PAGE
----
Not a month goes by, it seems, without another African city, state or national government announcing its plans to start an ambitious innovation city or park. The vision is simple enough – create a space where similar-minded technologists can meet, discuss, theorize, plan, collaborate and finally seed new ventures that will drive economic transformation of the country. So far so good.
However, a few years after a number of cities and countries embarked upon this strategy, would it make sense to pause and reflect upon the success of the strategy? These are generally huge financial-commitment projects (e.g. Kenya’s Konza Tech city is estimated to cost $14.5B, Ghana’s Hope City will reportedly cost $10B, and Tanzania’s Rhapta City will reportedly cost $1B. Given the huge price tag on these projects, has there been enough thought given to the role that these technology cities will eventually play in creating an innovation ecosystem?
The previous generation of technology parks in Africa – much more modest in their aspirations and outlay, have largely failed to meet the much lower bar of success set for them. Initiatives like Abuja Technology Village, Botswana’s Innovation Hub and a number of other similar initiatives can boast of world-class plans and infrastructure but have very little to show in terms of impact on the local digital economy.
The problem with the ‘technology-city’ model of driving innovation is that even when the technology city succeeds, there is no guarantee that the innovation benefits that we seek will accrue. Take Dubai as one example, whose Dubai Internet City today hosts the Middle East and Africa Headquarter of nearly all the major technology vendors. IBM, Microsoft, Oracle, Cisco, HP and many other companies have moved their sales and customer support operations to Dubai, but next to none of the R&D, or core product development, which is so critical to the innovation spillover benefits that policy makers seek.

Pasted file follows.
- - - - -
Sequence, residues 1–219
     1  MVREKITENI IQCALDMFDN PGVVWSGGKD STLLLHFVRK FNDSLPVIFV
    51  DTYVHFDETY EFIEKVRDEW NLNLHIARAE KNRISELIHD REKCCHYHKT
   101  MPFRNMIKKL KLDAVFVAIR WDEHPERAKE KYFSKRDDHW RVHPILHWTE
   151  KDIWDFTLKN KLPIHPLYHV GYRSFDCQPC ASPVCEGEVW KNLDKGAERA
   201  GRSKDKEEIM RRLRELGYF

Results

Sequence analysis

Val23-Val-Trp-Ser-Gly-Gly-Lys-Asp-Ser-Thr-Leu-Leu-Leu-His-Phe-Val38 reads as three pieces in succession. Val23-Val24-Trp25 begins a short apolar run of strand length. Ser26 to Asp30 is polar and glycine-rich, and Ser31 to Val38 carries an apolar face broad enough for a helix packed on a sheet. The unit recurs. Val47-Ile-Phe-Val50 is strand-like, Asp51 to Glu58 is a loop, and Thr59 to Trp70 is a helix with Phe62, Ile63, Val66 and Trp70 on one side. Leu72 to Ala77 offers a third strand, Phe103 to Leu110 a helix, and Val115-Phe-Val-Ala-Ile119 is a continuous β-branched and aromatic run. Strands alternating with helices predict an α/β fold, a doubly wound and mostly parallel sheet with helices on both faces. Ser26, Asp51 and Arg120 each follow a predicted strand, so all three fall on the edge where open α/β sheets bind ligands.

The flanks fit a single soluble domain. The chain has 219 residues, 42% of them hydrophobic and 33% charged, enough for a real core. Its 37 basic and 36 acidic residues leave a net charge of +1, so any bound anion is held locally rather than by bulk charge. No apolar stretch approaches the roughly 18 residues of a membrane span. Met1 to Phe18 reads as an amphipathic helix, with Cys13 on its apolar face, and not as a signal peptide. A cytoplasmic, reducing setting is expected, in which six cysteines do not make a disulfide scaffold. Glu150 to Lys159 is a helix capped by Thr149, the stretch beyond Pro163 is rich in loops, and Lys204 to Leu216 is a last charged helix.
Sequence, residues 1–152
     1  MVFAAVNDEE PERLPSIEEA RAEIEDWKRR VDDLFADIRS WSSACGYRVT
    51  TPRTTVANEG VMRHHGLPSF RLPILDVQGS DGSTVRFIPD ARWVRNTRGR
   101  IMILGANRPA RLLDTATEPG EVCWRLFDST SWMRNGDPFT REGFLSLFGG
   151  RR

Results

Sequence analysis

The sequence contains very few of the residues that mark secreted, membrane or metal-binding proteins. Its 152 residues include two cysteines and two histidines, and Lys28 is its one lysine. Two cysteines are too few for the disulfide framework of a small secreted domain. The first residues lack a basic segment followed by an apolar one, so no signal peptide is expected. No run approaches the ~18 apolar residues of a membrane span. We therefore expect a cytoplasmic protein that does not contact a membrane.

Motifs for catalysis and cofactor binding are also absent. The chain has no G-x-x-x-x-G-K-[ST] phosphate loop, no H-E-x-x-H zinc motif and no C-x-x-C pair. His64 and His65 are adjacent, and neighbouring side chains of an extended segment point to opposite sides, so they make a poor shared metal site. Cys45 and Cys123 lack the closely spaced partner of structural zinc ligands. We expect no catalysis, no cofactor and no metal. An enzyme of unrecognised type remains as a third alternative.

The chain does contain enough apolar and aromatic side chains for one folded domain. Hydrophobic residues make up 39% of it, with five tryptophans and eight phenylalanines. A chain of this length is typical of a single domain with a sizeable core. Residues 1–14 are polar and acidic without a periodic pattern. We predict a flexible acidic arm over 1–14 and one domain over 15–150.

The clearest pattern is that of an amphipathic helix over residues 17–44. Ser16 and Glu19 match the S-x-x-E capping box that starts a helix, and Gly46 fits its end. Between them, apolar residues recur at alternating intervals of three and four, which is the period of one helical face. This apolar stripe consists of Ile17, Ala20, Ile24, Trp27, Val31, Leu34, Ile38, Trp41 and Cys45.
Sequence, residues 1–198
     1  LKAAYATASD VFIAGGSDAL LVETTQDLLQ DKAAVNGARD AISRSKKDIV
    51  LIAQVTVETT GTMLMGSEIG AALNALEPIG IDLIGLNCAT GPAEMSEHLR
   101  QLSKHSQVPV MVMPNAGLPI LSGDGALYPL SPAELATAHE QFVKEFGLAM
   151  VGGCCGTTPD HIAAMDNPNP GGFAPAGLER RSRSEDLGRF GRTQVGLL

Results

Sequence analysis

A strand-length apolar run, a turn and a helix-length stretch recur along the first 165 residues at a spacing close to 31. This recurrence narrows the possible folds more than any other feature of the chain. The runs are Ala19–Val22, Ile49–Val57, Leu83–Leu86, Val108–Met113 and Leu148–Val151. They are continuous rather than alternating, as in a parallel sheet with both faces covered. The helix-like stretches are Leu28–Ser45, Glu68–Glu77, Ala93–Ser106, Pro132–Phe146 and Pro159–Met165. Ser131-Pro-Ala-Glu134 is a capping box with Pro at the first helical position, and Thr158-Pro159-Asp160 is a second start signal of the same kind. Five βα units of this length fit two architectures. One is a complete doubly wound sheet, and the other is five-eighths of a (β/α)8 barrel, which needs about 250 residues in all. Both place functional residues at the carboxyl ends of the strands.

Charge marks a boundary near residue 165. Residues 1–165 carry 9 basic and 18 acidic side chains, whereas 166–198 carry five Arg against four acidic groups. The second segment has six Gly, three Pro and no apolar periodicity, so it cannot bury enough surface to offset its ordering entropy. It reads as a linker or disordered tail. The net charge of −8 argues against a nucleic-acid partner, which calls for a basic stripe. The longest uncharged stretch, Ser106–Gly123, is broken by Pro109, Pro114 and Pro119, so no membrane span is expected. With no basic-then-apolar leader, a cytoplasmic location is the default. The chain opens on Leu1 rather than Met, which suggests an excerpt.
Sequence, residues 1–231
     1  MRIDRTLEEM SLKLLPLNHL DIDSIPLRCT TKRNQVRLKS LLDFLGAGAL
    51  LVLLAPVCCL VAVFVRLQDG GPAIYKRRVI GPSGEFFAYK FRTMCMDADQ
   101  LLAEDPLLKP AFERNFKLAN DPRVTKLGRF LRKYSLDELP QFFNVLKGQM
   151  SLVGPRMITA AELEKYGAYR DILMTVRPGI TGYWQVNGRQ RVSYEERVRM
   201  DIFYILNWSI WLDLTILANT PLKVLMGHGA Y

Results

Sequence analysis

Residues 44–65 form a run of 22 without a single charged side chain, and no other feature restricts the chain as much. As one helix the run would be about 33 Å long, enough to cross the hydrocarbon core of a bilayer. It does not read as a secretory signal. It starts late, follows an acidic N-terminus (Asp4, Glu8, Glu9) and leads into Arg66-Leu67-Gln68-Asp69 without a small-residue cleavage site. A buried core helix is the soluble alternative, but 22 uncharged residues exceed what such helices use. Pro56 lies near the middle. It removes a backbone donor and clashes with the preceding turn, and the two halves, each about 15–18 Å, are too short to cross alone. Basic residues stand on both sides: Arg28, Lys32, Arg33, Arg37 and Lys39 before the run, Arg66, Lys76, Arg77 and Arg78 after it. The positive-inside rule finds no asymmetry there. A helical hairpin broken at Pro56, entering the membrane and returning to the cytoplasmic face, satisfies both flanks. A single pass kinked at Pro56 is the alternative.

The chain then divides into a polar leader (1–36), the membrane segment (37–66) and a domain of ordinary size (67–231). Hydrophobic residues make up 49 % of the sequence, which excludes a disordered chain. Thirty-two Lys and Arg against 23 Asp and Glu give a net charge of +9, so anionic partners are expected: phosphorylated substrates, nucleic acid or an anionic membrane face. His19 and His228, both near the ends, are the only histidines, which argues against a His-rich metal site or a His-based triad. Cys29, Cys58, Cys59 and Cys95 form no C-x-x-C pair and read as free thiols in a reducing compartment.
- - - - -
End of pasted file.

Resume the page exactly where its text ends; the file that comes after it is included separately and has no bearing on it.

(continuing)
Policymakers in Africa countries are clearly impressed by, and following the model of the likes of International Technology Park Bangalore. The key question to ask, though is whether the success of the technology industry in India is because an IT Park was built there, or whether an IT Park was envisioned to accelerate the growth of the technology business, which had all the key requirements already in place. Remember, Southern India, has a long tradition of a nearly universal literacy. It has historical traditions of interest in, and excellence in, mathematics. It had universities that were producing a critical mass of engineers, computer science graduates and scientists who could come together to fuel the growth of the industry. Karnataka – the state in which Bangalore is based has 42 universities, hundreds of technology institutes, and a greater number of colleges. With investments of the kind being contemplated, merely back-office outsourcing isn’t enough; these investment will only bear fruit if the core technology development and research jobs – with their higher budgets and innovation spillover possibilities – also move as a result of these investments. Do we have the critical mass of technologists, computer scientists and engineers in place to make the model work across the African cities?
This is not to say that technology cluster development doesn’t have a role to play in incubating the growth of new industries; such clustering is a key innovation policy instrument used globally to foster closer partnerships – between business and academia, and also between business themselves (Research Triangle Park and the Silicon Valley being oft-quoted two examples). The core difference is that such cluster developments are meant to take advantage of resources that are already present. In the case of Africa, could it be said many years later that governments would have been better off building the required building-blocks (high quality education, research expertise etc infrastructure) before embarking on these investments. Only time, we guess, will tell.